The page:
Menelaeus’s fingers were sore from picking cotton, his back stinging from Mr Stenson’s lash. But he wasn’t going to let that stop him. With one hand he clutched his totem, intertwined figures of man and woman, diviner and spirit. With the other he picked up a handful of corn and scattered it across the skin of the drum.

“What do you see?” Octavia’s expression was serious, making her face appear even more wrinkled in the oil lamp’s light. He had learned much from her wisdom, her strength and her grace, but had still more to learn. With her man’s clothes and her fierce resolve, she embodied the world in between, the place where boundaries fell, where humans and spirits met. She was, in so many ways, the person he wanted to be.

Most of the kernels had bounced away to the floor. He looked carefully at the positions of those that remained, where they lay on a grid that served as both game board and tool of their art. The signs were all too familiar.

“This is Stenson.” Menelaeus pointed at a dark, twisted symbol marked by the corn. “Tomorrow we will suffer his wrath.” He pointed to the signs for suffering and for the field hands, both singled out by his spirit twin through the grain. Another symbol had been marked, one that filled him with even more dread. “There will be a death.”

“Again.” Octavia nodded. “Now tell me anything we can use to lessen the harm.”


“Keep back, boy.” Blood dripped from Stenson’s whip. At his feet, Octavia Brown lay dead beside the cotton buds she had dropped in the dirt – ruined, as Stenson put it.

At least Octavia’s son Saul was not here. His fury would have got him killed. Thanks to Menelaeus and Octavia, the Brown children would not be orphans.

That knowledge did nothing to still Menelaeus’s pounding heart. He wanted to rip out Stenson’s throat with his bare hands. But Stenson and his men had guns, and Menelaeus would not be the only one they would punish.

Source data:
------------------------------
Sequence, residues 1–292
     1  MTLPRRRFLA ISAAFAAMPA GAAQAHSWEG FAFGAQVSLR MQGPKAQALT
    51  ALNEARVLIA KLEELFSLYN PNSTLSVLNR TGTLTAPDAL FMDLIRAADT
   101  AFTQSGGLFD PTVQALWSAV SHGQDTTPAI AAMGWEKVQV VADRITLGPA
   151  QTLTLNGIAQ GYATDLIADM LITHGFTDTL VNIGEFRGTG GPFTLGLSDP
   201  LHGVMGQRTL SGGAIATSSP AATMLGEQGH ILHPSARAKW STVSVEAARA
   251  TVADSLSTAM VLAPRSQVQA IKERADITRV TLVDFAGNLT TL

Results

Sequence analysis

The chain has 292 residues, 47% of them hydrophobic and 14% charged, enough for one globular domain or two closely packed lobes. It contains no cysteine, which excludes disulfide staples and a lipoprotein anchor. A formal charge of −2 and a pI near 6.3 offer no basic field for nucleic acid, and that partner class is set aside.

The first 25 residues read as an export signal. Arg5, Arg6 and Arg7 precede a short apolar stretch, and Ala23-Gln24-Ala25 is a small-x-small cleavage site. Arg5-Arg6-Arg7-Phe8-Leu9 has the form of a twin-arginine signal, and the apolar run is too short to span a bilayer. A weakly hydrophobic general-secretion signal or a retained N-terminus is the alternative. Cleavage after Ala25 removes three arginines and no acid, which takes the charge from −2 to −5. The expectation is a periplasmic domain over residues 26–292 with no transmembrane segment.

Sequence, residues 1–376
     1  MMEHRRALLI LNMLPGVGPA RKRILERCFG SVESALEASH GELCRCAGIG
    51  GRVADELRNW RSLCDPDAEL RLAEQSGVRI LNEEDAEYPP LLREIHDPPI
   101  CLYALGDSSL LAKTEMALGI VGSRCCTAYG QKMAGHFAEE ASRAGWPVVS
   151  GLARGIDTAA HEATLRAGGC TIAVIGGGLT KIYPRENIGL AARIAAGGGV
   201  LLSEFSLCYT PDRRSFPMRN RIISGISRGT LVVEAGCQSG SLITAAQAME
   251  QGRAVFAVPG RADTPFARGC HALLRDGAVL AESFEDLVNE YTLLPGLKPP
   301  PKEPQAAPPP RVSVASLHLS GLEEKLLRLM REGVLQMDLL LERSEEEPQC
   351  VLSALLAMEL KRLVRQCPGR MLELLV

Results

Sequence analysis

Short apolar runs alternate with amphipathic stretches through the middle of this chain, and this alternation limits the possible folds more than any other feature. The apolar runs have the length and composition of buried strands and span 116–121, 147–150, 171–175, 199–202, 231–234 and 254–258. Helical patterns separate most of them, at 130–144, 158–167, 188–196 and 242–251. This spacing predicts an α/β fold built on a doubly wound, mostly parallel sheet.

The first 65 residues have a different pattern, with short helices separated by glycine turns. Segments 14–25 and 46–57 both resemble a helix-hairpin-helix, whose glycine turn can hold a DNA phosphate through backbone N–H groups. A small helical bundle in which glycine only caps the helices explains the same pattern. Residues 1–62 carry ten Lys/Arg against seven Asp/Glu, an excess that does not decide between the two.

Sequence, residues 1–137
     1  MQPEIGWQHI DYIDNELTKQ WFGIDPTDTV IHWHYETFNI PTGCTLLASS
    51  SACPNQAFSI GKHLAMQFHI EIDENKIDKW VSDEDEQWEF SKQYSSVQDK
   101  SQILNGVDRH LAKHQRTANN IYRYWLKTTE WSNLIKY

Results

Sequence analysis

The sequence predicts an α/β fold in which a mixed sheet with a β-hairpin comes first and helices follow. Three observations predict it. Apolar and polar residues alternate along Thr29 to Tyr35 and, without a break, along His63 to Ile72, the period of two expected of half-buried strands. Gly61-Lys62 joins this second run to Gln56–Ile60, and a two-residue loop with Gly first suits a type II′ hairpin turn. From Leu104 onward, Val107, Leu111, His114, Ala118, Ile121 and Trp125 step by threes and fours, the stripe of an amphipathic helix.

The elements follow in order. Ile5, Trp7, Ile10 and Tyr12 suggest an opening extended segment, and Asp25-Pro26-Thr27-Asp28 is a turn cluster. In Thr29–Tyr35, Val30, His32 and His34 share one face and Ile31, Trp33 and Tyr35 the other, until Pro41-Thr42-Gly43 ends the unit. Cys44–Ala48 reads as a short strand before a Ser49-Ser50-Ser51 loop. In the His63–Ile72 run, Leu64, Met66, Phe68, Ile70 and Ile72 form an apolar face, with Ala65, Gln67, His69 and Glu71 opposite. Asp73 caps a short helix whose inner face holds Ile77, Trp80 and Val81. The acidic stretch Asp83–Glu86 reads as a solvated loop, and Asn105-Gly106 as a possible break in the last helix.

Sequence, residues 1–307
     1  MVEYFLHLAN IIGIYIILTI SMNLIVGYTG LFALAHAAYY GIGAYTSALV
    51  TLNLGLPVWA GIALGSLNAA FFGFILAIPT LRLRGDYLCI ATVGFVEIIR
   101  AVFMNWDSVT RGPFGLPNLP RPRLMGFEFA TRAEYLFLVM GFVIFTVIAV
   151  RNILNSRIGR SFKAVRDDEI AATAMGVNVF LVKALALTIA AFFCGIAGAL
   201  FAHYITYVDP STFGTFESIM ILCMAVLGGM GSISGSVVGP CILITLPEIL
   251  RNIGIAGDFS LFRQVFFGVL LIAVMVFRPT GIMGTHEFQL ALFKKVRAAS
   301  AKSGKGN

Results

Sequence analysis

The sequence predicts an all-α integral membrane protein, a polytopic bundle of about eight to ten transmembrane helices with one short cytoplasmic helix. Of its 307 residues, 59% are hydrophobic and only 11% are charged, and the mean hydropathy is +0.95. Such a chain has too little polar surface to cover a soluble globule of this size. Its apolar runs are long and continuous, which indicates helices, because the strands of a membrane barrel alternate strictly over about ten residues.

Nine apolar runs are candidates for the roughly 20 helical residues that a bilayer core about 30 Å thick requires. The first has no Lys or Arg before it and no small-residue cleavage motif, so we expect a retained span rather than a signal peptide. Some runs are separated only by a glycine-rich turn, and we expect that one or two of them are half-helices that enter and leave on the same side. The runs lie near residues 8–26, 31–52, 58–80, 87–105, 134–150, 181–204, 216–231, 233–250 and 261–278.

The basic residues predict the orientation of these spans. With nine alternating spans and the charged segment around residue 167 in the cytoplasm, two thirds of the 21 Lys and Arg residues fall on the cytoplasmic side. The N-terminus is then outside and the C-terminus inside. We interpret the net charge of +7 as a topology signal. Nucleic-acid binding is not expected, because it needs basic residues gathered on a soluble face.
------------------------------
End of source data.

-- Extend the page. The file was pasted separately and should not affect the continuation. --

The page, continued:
So he stood still and silent. But now he knew – divining the future was not enough. He had to shape it.


In the stillness of the night, Menelaeus stared at the totem, two carved beings intertwined. He could still feel his spirit twin, but without Octavia he was weaker, and he needed to be stronger than he ever had. He was just a man, and that was not enough.

“Stenson comin’ for you.” Saul stood beside Menelaeus’s bed. “Says you been stirrin’ trouble. You want I should kill him?”

His voice was ragged, torn up by hate.

“No.” Menelaeus rose from the bed. “Ain’t no-one else gonna fight for me. But I’m gonna need some things of your momma’s.”


“Who the hell d’you think you are, boy?” Stenson’s voice was even more menacing coming from the darkness behind the lanterns. His men cackled at his words. “Goddam faggot as well as a nigger now, huh?”

“My name is Meredith.” It felt natural, not just the name but the dress and the shawl. Becoming more than just the man he had been. Becoming both parts of the divination.

As the person who had been Menelaeus placed the corn kernels on the drum, she could feel the power flowing through her, her spirit twin stronger for sharing her change, for breaking a line that defined and divided him.